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October 30, 2019

Weak Infinity-Categories Via Terminal Coalgebras

Posted by Tom Leinster

A very quick post to note that Eugenia Cheng and I just published our paper Weak \infty-categories via terminal coalgebras in Theory and Applications of Categories. We, um, were not very quick about turning it around: Eugenia presented the results at Category Theory 2008 in Calais, we arXived it in 2012, and it now appears to be 2019.

Shortest possible summary: Carlos Simpson pointed out (as others may also have done) that if you consider the endofunctor 𝒱𝒱-Cat\mathcal{V} \mapsto \mathcal{V}\text{-}\mathbf{Cat} on the category of categories with finite products, its terminal coalgebra is StrCat\mathbf{Str}\infty\mathbf{Cat}, the category of strict \infty-categories. Eugenia and I show how to adapt that observation to get weak \infty-categories. Enjoy!

Posted at 10:59 AM UTC | Permalink | Followups (12)

October 29, 2019

Mixing Internalization with Virtualization: a Terminological Problem

Posted by Mike Shulman

I used to complain sometimes that nn-categories (including (,n)(\infty,n)-categories) get all the press at the expense of other higher categorical structures, but thankfully I don’t think that’s true any more (to the extent that it ever was). Double categories, “virtual” (multicategory-like) structures, and other higher-categorical notions are increasingly recognized as useful alongside the more traditional nn-categories. However, this larger zoo of categorical structures brings with it problems of terminology: how can we consistently name all of these things?

Posted at 11:50 AM UTC | Permalink | Followups (11)

October 21, 2019

Screw Theory

Posted by John Baez

Screw theory’ was invented by a guy named Ball. There should be a joke in there somewhere. But what is screw theory?

Posted at 1:21 AM UTC | Permalink | Followups (12)

October 19, 2019

Jaynes on Clever Tricks

Posted by Tom Leinster

I’ve posted before about the eminently browsable, infuriating, provocative, inspiring, opinionated, visionary, bracing, occasionally funny, unfinished book Probability Theory: The Logic of Science that arch-Bayesian apostle of maximum entropy Edwin Jaynes was still writing when he died.

All I want to do now is to share section 8.12.4 of that book, Clever tricks and gamesmanship, which acts as balm for anyone who feels they’re not good at “tricks”. The rest of this post consists of that section, verbatim.

Posted at 5:52 PM UTC | Permalink | Followups (15)

October 14, 2019

Diversity Workshop at UCR

Posted by John Baez

We’re having a workshop to promote diversity in math here at UCR:

Riverside Mathematics Workshop for Excellence and Diversity, Friday 8 November 2019, U. C. Riverside. Organized by John Baez, Weitao Chen, Edray Goins, Ami Radunskaya, and Fred Wilhelm.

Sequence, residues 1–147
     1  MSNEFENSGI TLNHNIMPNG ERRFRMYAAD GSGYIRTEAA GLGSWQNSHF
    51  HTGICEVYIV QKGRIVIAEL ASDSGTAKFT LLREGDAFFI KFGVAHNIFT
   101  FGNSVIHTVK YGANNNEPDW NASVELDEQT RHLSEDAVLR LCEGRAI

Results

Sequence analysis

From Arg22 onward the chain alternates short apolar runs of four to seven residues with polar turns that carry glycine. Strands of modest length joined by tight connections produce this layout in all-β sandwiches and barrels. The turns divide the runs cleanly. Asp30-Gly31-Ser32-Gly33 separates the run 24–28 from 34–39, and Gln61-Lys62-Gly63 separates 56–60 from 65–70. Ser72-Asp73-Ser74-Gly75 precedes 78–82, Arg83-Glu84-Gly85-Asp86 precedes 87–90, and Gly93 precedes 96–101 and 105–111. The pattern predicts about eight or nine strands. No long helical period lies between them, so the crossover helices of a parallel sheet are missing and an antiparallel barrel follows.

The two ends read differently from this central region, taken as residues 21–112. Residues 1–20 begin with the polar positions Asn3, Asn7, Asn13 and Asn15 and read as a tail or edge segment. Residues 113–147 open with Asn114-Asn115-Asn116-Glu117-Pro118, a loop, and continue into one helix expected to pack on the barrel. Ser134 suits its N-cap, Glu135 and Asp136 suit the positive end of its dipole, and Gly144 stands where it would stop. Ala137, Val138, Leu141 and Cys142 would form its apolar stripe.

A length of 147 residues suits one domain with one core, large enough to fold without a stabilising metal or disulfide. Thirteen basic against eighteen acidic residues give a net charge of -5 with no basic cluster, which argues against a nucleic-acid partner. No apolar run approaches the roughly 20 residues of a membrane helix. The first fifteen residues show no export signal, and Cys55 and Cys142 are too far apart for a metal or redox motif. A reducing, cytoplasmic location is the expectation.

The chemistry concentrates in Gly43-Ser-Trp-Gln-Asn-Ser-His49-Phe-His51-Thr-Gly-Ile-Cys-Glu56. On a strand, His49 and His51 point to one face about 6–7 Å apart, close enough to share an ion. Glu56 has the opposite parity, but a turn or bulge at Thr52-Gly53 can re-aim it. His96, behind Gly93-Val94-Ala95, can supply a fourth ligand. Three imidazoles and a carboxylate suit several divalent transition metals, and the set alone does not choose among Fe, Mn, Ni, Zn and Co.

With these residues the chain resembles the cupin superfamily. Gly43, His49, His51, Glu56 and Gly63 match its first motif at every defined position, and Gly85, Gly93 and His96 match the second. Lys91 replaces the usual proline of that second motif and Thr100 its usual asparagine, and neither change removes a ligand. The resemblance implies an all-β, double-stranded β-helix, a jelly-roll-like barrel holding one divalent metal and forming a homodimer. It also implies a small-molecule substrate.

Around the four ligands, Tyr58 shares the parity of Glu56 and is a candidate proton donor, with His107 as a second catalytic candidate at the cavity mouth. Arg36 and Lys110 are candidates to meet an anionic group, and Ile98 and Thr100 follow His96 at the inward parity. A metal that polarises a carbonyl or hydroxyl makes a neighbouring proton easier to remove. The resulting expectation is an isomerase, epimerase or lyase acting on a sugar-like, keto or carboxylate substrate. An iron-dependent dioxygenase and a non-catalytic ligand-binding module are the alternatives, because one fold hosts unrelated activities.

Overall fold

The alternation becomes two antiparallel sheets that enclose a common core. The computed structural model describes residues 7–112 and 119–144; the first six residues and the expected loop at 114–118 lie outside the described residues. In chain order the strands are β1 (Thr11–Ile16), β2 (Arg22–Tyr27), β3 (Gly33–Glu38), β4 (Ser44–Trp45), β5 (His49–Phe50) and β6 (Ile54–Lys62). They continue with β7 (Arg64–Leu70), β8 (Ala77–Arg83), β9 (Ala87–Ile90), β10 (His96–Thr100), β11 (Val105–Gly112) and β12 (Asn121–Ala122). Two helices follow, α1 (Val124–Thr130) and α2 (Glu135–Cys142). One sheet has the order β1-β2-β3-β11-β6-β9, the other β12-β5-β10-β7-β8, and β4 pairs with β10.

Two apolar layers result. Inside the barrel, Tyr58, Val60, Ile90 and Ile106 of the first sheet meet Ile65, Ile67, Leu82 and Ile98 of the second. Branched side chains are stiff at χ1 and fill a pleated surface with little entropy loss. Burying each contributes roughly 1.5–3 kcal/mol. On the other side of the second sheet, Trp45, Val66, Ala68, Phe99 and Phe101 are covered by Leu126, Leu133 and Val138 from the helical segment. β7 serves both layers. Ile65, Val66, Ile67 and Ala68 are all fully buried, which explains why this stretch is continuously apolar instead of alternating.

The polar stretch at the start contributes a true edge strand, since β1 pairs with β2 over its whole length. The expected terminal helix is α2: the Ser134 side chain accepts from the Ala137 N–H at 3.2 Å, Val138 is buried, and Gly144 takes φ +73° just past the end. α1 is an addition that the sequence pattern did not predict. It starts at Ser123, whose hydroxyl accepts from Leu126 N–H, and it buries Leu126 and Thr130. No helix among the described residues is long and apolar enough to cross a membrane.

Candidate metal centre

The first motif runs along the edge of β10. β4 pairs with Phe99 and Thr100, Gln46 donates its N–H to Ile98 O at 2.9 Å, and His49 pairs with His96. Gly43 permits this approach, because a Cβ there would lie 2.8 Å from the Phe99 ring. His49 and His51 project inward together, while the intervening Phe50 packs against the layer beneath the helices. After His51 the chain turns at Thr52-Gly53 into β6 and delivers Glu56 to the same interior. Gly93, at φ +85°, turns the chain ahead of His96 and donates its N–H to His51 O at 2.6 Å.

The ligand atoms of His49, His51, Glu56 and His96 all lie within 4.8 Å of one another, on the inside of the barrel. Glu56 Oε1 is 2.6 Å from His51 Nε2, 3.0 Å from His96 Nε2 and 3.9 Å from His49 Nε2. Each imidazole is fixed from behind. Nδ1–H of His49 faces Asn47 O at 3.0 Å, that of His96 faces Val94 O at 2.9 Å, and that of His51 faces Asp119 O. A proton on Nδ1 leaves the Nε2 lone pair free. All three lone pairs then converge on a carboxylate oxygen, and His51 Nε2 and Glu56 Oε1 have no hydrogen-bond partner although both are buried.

It’s happening right before the applied category theory meeting, so I hope some of you can make both… especially since Eugenia Cheng will be giving a talk on Friday!

Three talks will take place in Skye Hall—home of the math department—starting at 1 pm. After this we’ll have refreshments and an hour for students to talk to the speakers. Starting at 6 pm there will be a reception across the road at the UCR Alumni Center, with food and a panel discussion on the challenges we face in promoting diversity at U.C. Riverside.

Details follow.

Posted at 10:00 PM UTC | Permalink | Post a Comment

October 10, 2019

Foundations of Math and Physics One Century After Hilbert

Posted by John Baez

I wrote a review of this book with chapters by Penrose, Witten, Connes, Atiyah, Smolin and others:

It gave me a chance to say a bit—just a tiny bit—about the current state of fundamental physics and the foundations of mathematics.

Posted at 8:16 AM UTC | Permalink | Followups (3)

October 3, 2019

Edinburgh is Hiring

Posted by Tom Leinster

We’re hiring!

The advertised positions are in “algebra, geometry and topology and related fields”. Category theory is specifically mentioned, as is the importance of glue:

The Hodge Institute is a large world-class group of mathematicians whose research interests lie in Algebra, Geometry and Topology and related fields such as Category Theory and Mathematical Physics. Applicants should demonstrate an outstanding research record and contribute to the productive and strong collaborative research environment in the Hodge Institute. Preference may be given to candidates who strengthen connections between different areas of research within the Hodge Institute or more broadly between the Hodge Institute and other parts of the School.

Here “School” refers to the School of Mathematics, and the Hodge Institute is just our name for the set of people within the School who work on the subjects mentioned.

We’re advertising for Lecturers or Readers. These are both permanent positions. Lecturer is where almost everyone starts, and Reader is more senior (the rough equivalent of a junior full professor in US terminology).

Posted at 1:35 PM UTC | Permalink | Post a Comment